Look, I’m no street-savvy criminal here, but I’m pretty sure it’s not the best idea to call the police when you’re technically on the lam. (Police discovered that the man, Andrew Joffe, had an open warrant for driving with a suspended or revoked driver’s license, WKMG reports. Plus, you know, he had committed theft.)

Also, if you’re going to steal a GPS and then you get lost, try USING IT.

“We have had people with warrants call us to turn themselves in before, but it’s unusual for someone with an active warrant, who just burglarized a car, to get lost and call us for help,” Polk County Sheriff Grady Judd said. “In his defense, it does get pretty dark out on Deen Still Road in the middle of the night.”

Other items police found in Joffe’s backpack included electronic equipment, cellphones and earrings. He was promptly arrested and taken to jail, because obviously.

TIME States

Investigators Target eBay Over Massive Data Breach

More than 100 million eBay users' account information may have been compromised in a cyberattack

Attorneys General in three U.S. states along with European officials are investigating a massive data breach at eBay which may have compromised more than 100 million users’ passwords.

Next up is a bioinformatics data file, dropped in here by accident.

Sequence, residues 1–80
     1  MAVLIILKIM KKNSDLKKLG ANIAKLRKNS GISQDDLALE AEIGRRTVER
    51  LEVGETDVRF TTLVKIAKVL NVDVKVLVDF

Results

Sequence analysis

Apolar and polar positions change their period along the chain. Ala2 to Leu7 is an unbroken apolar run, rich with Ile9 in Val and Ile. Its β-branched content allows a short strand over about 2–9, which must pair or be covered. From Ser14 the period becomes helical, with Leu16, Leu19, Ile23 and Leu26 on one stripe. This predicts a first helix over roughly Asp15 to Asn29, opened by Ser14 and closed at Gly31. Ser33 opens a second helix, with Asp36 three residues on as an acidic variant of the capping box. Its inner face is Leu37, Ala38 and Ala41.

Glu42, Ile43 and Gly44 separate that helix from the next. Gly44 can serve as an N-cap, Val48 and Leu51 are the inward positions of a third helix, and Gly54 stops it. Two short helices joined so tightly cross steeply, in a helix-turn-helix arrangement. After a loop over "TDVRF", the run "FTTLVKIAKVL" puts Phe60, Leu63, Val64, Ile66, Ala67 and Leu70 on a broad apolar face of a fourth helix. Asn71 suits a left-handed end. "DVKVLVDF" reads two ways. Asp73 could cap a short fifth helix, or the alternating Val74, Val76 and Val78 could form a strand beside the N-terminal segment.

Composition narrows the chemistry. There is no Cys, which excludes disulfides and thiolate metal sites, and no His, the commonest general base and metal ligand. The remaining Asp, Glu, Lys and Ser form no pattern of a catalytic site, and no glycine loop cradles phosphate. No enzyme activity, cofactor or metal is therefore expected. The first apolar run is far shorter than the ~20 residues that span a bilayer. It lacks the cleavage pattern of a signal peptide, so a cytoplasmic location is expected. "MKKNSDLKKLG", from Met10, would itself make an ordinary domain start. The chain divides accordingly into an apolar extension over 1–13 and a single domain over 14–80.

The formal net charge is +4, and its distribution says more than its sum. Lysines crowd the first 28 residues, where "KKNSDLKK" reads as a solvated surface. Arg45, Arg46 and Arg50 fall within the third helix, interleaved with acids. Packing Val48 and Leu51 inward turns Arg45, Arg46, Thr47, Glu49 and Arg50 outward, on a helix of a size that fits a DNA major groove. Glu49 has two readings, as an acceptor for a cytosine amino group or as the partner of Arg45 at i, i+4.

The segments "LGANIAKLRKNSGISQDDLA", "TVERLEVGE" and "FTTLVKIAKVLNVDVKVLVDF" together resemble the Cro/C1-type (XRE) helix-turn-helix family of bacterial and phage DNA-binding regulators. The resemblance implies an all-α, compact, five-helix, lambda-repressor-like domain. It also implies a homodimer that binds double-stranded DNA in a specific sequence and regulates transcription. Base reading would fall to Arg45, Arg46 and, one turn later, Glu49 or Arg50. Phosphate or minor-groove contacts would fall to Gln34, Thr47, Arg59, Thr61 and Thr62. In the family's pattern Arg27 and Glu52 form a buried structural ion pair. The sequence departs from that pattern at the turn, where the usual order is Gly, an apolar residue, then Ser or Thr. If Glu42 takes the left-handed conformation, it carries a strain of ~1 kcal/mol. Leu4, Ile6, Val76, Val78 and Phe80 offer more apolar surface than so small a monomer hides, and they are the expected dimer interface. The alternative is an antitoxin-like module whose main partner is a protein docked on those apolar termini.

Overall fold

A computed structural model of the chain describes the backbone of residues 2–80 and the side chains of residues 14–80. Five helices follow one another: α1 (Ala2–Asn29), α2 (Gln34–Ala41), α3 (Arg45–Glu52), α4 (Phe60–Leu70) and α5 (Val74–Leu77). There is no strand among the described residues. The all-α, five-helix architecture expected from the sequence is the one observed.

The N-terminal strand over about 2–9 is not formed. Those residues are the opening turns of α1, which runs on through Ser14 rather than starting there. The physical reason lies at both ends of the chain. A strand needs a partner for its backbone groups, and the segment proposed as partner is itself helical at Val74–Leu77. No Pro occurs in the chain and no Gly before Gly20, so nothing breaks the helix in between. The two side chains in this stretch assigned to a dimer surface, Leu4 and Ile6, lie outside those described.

“The magnitude of the reported eBay data breach could be of historic proportions, and my office is part of a group of other attorneys general in the country investigating the matter,” said Florida Attorney General Pam Bondi in a statement Thursday.

The Federal Trade Commission and Attorneys General in Illinois and Connecticut have also vowed to conduct a probe into the incident.

“My office will be looking into the circumstances surrounding this breach as well as the steps eBay is taking to prevent any future incidents,” said Connecticut Attorney General Jepsen in a statement Thursday. “However, the most important step for consumers to take right now is to change their password and to choose a strong, unique password that is not easily guessed.”

Officials in the UK have promised to investigate as well, the Guardian reports.

“We’re certainly looking at the situation,” Christopher Graham, the UK’s Information Commissioner, told the BBC. “We have to work with colleagues in Luxembourg where eBay is based for European purposes. We were in touch with the Luxembourg data protection authority yesterday.”

EBay notified users of the data breach Wednesday. The company has urged all users to change their passwords, but it said no financial data was compromised in a cyberattack that took the company weeks to detect.

Need tips on how to set a strong password? Watch the video above.

TIME animals

Well, Here’s An Elephant Wading In the Ocean in Florida

Does not compute

+ READ ARTICLE

This weekend, some Florida beach-goers spotted an elephant wading in the water, just kind of standing there stoically as the waves rippled around him.

Luckily, Todd Unbehagen, who was visiting North Redington Beach with his family, captured video of the bizarre sight. Apparently, the elephant was part of someone’s private beach party, the St. Petersburg Tribune reports.

Your browser, Internet Explorer 8 or below, is out of date. It has known security flaws and may not display all features of this and other websites.

Learn how to update your browser